Definition: The general direction one sets out on to explore new life opportunities because the best people, places and mentality can be found along the ocean.
Guatemala & Honduras
The raining season was slowly slipping into our daily occurrence, well at least it was in Belize! So we were reminded that we better get going so we don’t get washed out further down the road! We aren’t in a big rush but definitely eager to see more of Nicaragua, Costa Rica and Panama. Still so much coast to cover!! So with that Rian and I did not spend too much time in Guatemala and Honduras. We figured theres always later or on the way back up!
Crossing into Guatemala was again another breeze. There was an exit fee for Belize, we got our passport stamped, received an import permit for the car in Guatemala and a new passport stamp and we were done! We changed some money into Quetzals, bought a new sim card and filled up the gas tank which was much cheaper then it was in Belize!
Belize to Guatamala border
Yax-Ha Mayan ruins
Picking up a new Guatemalan cell phone sime
We drove West in Guatemala for an hour or two and stopped at the Maya ruins of Yax-Ha, a recommendation of Thors’. We arrived at mid day and figured we would drive up the big hill to see the ruins before setting up camp. We could have walked up later but it was one of those “we have motivation lets do it” kinda things. But let me tell you, we truly experienced the change in seasons in Guatemala that afternoon, boy was it hot!
Moving slooow in the heat
What made Yax-Ha a different experience for us was that you really had to use your imagination to picture the ruins as they were or might be still. Today most of them are covered by huge trees and jungle. Some of the temples are uncovered and being restored but others just looked like big hills with vines, trees and roots covering the structures. Even though it was 104F or 45C we took a nice stroll through and enjoyed asking each other multiple questions that neither of us had any idea as to the answers. This got us in the mood for Tikal and getting a tour guide!
Where does that go?
Roots on top of ruins
The camping area at the park was on the lake and had great palapas. Unfortunately the lake is home to very big crocodiles so we didn’t go swimming that day, but when we arrived a school bus with Guatemalan students was having lunch there. Some of the students were gathered together giggling and whispering and from what we could tell trying to speak English. It reminded us of ourselves all the times we try to get ready to speak Spanish. The ladies came over and introduced themselves and told us in English that they are students studying English and asked if they could practice with us. What a treat! Both sides did there best to try to think of questions and answers. Just like us trying to understand Spanish they asked us to speak slower and we all had a laugh since we all understood the difficulty of learning a new language. We swapped names and are now friends on Facebook!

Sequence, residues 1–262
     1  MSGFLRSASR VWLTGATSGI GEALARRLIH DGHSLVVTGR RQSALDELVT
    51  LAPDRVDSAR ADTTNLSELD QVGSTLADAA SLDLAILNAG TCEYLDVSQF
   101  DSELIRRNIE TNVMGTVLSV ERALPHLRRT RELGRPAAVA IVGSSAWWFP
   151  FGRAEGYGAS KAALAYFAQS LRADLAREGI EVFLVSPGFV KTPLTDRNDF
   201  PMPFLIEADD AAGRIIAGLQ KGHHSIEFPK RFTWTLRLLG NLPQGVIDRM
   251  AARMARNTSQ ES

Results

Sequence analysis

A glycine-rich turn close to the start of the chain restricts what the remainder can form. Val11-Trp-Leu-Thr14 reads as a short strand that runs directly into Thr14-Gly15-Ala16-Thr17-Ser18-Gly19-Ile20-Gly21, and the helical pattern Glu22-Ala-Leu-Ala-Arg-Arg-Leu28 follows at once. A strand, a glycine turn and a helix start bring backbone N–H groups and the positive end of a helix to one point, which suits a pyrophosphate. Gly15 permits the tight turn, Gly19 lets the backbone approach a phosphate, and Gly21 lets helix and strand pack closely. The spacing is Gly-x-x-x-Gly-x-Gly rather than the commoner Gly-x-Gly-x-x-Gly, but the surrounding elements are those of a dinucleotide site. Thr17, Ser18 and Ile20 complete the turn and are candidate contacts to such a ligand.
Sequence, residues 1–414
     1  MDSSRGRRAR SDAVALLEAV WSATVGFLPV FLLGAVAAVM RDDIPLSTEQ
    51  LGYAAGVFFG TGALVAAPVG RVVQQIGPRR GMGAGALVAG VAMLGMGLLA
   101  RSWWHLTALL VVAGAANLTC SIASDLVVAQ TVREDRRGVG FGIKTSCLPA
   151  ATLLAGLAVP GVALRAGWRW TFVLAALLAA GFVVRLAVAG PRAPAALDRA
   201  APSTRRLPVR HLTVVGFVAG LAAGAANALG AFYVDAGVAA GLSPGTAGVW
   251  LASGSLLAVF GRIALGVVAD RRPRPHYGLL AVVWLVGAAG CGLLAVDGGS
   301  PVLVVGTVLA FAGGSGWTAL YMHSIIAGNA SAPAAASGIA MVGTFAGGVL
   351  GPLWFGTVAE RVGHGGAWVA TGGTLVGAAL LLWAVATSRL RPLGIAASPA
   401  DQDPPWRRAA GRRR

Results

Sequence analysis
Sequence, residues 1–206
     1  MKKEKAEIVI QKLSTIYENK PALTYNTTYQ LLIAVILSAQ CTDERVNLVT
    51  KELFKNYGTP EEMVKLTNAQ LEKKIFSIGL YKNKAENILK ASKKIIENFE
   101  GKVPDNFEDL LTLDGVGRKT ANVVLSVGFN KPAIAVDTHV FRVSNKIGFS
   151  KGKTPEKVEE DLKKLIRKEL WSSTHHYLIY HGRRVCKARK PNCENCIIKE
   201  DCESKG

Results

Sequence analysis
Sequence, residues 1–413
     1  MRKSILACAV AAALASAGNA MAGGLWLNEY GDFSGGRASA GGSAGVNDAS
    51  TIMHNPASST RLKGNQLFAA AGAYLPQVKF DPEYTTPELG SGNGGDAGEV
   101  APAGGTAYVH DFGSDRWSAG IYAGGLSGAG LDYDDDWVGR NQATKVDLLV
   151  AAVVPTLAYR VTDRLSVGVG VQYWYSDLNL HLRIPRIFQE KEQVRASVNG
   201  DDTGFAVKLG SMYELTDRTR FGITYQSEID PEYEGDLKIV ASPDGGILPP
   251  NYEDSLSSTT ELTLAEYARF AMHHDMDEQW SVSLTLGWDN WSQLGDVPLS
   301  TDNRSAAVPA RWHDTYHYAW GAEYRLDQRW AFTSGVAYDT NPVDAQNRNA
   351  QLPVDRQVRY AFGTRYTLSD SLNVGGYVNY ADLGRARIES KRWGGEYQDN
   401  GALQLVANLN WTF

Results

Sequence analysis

Camping area with lake in background
Sunset on the lake
So hazy and red from farmers burning land
The next day we ventured towards Tikal. Since you can’t enter the Tikal National Park until after three o’clock unless you want to pay twice we headed to the Lago de Izabel to cool off. It was surprisingly a very cool and clear lake that we enjoyed thoroughly in the heat. We reached Tikal and arranged for a guided sunrise tour the following day. We also finally broke that day and used our air conditioner. It was awesome! At least we made it this long with out it!
Howler monkeys in the trees
Black pepper tree
We woke up at 3:30am to meet the group at 4 to walk through the park to Temple 4 to watch the sunrise. It was dark but of course still way too hot for that early in the morning. As we walked with our flash lights the light reflected on what we thought was droplets of water but really it was the reflection on thousands of wolfspiders, ew. We followed the guide and climbed to the top of the temple and waited for sun. The howler monkeys and birds were awake chirping and chatting away. The mist of the morning lifting from the jungle and the sounds of the jungle was unreal. Unfortunately the clouds blocked the sunrise but it was probably for the best for heat purposes. From there we toured the ruins and were very happy we had a guide with us so we could ask all of our questions and actually had answers! These ruins are the most restored and are truly amazing. The placement and measurements the Mayans calculated to line up the temples with the exact position of the sun during each equinox throughout the year blows my mind. The power and amount of people they had to build these cities is incredible. You could spend days absorbing the ruins and allowing your mind to wonder, it is very a special place.